The Girl Who Lived Twice
by David Lagercrantz
(trans. George Goulding)
‘She laid a hand on the Beretta in its holster and felt herself pitched into the same icy cold as when she threw the petrol-filled milk carton at her father.’
This is David Lagercrantz’s third excursion into the world of Larsson’s zany heroine, Lisbeth Salander. The Girl Who Lived Twice is a complex, page-turning thriller involving mountain rescues, espionage, revenge and a lot of hacking. All the main original characters are here – Blomkvist and Berger, Chief Inspector Bublanski, Aramsky of Milton Security, Plague, the villains of the Svavelsjo MC and of course Salander herself and her evil twin Camilla, whom we first met for real in Lagercrantz’s first Millennium novel. There are a host of new characters too, good and bad.
Blomkvist is researching an article on troll factories in Russia when he is contacted by medical examiner Frederika Nyman about the mysterious death of a beggar in Stockholm. Who is he? Did he commit suicide or was he murdered? And if the latter, why?
‘[Conny] looked up and fumbled for his gun. But that was as far as he got. She kneed him in the groin and, as his body folded, she headbutted him twice.’
Salander meantime is tracking Camilla, intending to kill her. [Camilla has her own hacker Bogdanov, who is doing his best to find Lisbeth, also with murder in mind.] When she (Lisbeth) receives a message from Blomkvist asking her help to identify the beggar, she takes time off to work on his DNA profile.
At the heart of the ‘beggar’ mystery is a disastrous expedition to Everest during which two high-profile people have died, an American woman, Klara Engelman, the wife of a gangster, and her lover, the Russian Viktor Grankin. Also on the expedition were Johannes Forsell, now Swedish minister for defence, and his aide Svante Lindberg – and their courageous Sherpa Nima Rita.
‘She …. began to stmble downhill, like a sleepwalker with hands stretched in front of her, and even though she barely knew which was left and which was right, she was guided by howls, inhuman screams which seemed to be showing her the way. It was a long time before she reliased that the screams were her own.’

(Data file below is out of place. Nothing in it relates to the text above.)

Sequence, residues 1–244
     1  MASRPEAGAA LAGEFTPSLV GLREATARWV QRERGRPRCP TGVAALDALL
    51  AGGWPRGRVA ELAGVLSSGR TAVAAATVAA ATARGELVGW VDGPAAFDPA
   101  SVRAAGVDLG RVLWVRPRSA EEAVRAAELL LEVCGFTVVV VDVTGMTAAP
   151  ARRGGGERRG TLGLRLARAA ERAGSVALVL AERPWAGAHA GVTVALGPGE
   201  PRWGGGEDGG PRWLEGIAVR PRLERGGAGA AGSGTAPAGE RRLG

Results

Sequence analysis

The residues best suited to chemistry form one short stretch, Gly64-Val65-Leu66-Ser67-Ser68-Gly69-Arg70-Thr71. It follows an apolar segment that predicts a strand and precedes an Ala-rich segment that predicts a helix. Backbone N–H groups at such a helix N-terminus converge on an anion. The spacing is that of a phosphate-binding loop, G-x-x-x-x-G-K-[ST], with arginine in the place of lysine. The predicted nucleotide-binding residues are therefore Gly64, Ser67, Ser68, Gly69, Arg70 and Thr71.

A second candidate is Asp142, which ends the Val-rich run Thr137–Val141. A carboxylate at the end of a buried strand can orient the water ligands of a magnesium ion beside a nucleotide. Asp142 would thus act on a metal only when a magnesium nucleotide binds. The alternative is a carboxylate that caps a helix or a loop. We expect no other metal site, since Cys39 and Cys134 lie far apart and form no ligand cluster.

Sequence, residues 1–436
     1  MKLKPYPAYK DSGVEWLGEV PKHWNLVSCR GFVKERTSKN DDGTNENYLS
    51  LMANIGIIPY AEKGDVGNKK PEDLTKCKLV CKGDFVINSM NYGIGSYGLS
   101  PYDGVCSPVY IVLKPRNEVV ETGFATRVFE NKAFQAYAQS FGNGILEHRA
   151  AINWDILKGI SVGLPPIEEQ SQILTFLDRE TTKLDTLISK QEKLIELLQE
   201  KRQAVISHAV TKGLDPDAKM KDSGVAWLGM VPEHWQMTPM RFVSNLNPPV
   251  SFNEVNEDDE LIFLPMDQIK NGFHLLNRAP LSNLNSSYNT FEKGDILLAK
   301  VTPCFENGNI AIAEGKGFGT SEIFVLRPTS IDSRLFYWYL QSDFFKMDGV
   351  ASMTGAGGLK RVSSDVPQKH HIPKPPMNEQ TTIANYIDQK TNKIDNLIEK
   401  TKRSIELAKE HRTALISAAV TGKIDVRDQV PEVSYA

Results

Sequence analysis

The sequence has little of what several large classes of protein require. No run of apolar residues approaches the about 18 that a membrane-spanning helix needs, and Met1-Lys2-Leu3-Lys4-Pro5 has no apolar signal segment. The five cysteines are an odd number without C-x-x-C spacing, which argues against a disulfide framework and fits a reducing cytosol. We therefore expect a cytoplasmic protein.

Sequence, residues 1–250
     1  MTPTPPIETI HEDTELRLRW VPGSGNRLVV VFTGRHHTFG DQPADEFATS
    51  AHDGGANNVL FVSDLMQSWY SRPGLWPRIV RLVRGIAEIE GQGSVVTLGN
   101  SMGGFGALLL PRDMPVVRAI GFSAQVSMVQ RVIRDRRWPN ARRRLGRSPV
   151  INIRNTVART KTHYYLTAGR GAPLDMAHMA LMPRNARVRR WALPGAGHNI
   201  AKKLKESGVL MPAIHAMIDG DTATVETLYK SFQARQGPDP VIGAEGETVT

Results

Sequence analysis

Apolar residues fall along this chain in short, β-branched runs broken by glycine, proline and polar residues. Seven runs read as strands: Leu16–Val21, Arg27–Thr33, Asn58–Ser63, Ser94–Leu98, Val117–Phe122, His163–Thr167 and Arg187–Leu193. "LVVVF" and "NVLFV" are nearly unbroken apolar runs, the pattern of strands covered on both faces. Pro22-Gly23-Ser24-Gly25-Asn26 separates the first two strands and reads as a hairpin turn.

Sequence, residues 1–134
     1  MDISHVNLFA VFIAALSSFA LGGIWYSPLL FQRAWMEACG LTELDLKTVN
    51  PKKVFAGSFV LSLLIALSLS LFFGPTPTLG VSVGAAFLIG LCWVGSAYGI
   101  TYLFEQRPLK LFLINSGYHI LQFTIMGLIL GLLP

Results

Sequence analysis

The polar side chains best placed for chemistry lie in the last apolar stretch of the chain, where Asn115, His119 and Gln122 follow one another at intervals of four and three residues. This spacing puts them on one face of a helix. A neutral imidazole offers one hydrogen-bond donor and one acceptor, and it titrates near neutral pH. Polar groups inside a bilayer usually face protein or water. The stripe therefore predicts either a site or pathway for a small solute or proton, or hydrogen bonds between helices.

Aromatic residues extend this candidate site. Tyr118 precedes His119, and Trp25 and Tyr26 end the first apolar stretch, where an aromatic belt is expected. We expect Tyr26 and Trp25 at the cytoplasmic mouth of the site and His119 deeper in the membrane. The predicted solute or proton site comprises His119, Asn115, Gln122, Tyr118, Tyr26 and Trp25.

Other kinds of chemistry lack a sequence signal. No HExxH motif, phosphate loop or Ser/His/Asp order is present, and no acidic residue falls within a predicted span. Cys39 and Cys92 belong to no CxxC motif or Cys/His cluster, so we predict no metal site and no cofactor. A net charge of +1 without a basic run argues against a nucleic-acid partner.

Although the connection between the parallel plots is tenuous, it does exist. However, the Russian and American underworld are probably not the real focus of this intricate story. Rather, it is the familiar intrigue and corruption in Swedish government as well as the prospect of a final confrontation between Lisbeth and Camilla, that drives the novel.
‘He twisted his head and saw a woman with strawberry-blond hair and a face of unearthly beauty. She smiled, and that should have given him hope of some sort of relief. Instead he felt only a greater terror.’
As usually happens in this series, Blomkvist forms a romantic liaison with one of the many women characters. However, it is Lisbeth and their unusual friendship that often occupy his thoughts. She pops up everywhere, doing what Lisbeth does best in her own special way. Violence is part of her life, but is she really a killer?
The action moves from Moscow to Copenhagen to Prague to Stockholm, and occasionally back ten years to Nepal as rapidly as the hacker’s fingers. Point of view shifts just as rapidly between both major and minor characters. And at the end, we get a climax not unlike that in the very first Salander story, with the journalist in the hotspot (literally!) and the girl with the dragon tattoo on a race against time to rescue him. There are spills and thrills, motorbikes, hot irons, Faraday Cages and gleaming scalpels, all raising the tension as the forces of good move in on the wicked.
But will they be on time? Perhaps on this occasion, Lisbeth Salander is biting off a bit more than she can chew. Camilla is not only her twin but she has the sadistic mafia operative, Ivan Galinov, as her willing ally. So you’ll have to read The Girl Who Lived Twice for yourself to find out how it ends.
Though I very much enjoyed this thriller, I didn’t think it was quite as good as the previous stories. There are a couple of places where the action seems to detach itself from what matters. I also found the frequent POV changes more distracting than usual. This may be due to the plethora of Swedish and Russian names. [On one occasion I suspect the author himself may have confused Blomkvist and Bublanski.]
If this is indeed the last chapter of the saga, as suggested on some websites, I shall miss it!
You can read my reviews of the other Girl stories by David Lagercrantz here:
That which does not kill us . . . .
My reviews of the Stieg Larsson trilogy are included in my little book Classic Reviews, available from Amazon: